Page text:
MOISHE HOUSE
Renewal of Jewish Life

Our work with Moishe House came out of our work on behalf of Jews in the old Soviet Union. 

For those new to it, a Moishe House is a place where young adult Jews — typically in their 20s and out of school — can meet up and create dynamic Jewish communities. Moishe House was founded when a recent college graduate, David Cygielman, found no place for Jews in their 20s to congregate as Jews. So he created it. There are now more than 100 Moishe House communities in more than 25 countries around the world, each shaped by the residents who live together and host programs for their peers.

We first visited a Moishe House in Siberia. Jewish practice was made illegal under Stalin; those Jews who objected were sent to Siberia. When Hitler’s army invaded Russia from the west, many more Jews fled east. And so, between Stalin and Hitler, Siberia ended up with more than its share of Jews. So many that, prior to the rebirth of Israel in 1948, Siberia was considered a site for the Jewish homeland. Siberia still has street signs in Yiddish.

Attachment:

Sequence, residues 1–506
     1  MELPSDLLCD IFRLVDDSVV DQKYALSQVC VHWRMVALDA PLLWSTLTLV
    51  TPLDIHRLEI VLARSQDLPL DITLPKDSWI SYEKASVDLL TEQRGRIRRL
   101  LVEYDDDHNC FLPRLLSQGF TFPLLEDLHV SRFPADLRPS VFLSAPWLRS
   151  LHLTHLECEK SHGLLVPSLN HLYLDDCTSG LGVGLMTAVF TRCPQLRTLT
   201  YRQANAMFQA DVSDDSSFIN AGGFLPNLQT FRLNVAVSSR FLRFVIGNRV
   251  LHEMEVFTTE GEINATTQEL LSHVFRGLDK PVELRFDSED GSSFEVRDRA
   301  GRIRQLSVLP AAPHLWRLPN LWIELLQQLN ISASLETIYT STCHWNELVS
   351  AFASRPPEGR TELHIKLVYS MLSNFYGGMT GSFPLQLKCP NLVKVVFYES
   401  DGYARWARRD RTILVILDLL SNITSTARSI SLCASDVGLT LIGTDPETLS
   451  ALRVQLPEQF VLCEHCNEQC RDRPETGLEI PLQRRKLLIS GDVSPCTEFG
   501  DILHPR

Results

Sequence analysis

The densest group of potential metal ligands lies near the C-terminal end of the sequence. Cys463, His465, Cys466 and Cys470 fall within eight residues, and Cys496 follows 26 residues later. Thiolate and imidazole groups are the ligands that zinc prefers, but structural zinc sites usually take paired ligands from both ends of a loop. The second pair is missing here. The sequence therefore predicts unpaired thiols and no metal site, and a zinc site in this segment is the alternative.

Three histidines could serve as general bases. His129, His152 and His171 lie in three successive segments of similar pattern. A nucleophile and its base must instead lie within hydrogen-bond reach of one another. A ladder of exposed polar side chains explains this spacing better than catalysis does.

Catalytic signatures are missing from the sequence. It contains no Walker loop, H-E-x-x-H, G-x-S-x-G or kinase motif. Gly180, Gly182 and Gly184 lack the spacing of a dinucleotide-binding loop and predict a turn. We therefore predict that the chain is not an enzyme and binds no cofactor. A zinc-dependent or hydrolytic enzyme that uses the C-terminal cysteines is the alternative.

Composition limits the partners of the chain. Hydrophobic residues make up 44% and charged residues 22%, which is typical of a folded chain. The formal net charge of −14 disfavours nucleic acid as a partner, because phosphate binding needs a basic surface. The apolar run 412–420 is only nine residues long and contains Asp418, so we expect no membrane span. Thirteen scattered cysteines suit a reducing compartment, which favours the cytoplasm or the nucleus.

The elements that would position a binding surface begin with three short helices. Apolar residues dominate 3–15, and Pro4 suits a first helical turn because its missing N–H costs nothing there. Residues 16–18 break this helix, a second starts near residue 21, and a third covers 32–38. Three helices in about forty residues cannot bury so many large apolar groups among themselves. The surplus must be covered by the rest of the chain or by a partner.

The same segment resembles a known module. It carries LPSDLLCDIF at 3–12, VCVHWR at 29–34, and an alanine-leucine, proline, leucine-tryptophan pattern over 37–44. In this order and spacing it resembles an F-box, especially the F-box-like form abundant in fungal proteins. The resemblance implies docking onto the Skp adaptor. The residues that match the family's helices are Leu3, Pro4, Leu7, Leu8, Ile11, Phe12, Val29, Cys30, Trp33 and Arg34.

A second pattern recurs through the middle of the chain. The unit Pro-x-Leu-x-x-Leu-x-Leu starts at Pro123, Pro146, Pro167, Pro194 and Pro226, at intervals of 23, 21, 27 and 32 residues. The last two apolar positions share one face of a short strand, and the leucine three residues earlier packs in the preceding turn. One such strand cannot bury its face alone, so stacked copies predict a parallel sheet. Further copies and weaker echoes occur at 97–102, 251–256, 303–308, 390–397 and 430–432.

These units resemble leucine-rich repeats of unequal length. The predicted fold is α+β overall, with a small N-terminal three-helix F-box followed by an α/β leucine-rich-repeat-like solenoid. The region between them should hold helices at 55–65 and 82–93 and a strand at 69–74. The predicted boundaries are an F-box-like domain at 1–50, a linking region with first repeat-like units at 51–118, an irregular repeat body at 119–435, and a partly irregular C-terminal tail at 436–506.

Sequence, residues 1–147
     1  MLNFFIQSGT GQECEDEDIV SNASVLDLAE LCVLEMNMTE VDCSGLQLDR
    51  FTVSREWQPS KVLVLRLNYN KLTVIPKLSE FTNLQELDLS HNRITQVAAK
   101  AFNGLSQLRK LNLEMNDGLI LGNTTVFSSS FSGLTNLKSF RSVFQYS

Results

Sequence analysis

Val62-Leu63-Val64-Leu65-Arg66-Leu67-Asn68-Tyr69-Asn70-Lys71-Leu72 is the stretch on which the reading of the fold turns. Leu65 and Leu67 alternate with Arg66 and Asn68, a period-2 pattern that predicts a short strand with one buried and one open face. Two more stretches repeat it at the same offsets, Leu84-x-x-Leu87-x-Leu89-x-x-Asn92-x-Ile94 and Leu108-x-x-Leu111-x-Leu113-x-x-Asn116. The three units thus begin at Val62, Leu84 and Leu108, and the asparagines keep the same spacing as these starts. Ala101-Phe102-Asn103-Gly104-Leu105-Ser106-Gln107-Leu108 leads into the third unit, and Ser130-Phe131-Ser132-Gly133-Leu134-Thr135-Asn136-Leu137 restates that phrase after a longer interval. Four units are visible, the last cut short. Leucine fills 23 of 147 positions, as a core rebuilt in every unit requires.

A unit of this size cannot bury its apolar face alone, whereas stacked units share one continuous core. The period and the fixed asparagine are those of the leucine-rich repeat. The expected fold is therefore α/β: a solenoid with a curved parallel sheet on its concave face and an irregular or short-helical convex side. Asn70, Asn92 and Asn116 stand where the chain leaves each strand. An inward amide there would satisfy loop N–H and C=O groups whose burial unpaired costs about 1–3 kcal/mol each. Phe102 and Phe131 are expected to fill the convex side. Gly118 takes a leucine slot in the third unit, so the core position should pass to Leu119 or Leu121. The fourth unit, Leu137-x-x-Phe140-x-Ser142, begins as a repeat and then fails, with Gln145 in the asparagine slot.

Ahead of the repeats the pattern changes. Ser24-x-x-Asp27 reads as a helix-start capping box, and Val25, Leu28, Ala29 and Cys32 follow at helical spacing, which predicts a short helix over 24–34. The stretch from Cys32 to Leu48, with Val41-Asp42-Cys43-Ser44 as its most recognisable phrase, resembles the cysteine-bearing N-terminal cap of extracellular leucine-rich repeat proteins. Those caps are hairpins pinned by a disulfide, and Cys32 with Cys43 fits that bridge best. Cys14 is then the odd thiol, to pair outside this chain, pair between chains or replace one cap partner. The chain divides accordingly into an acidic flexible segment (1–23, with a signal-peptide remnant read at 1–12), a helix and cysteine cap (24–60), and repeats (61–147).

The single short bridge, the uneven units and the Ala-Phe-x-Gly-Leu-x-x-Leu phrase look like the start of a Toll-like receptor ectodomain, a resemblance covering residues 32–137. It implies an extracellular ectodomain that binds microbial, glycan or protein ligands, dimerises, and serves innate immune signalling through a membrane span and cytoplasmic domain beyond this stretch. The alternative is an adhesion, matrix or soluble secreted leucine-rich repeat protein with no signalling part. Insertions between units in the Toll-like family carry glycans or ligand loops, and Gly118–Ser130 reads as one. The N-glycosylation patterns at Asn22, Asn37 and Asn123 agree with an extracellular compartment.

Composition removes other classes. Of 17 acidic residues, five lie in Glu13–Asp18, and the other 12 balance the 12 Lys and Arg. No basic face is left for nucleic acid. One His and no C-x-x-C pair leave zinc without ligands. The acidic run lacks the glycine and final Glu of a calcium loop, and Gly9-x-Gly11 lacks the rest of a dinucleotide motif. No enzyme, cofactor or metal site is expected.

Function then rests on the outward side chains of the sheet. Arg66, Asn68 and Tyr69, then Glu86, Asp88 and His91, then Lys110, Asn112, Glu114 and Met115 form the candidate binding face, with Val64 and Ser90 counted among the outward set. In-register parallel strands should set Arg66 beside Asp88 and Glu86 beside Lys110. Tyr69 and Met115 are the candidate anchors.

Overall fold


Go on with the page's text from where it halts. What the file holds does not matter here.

Thanks to the Leifer Family Fund’s hands-on help and funding, there are now four additional Moishe House locations in and around Boston (with four more to come), and a new and growing partnership with CJP and other Jewish donors. And young Jews, coming out of school and entering the workforce, have a place just for themselves to gather as Jews, and so grow Jewish continuity.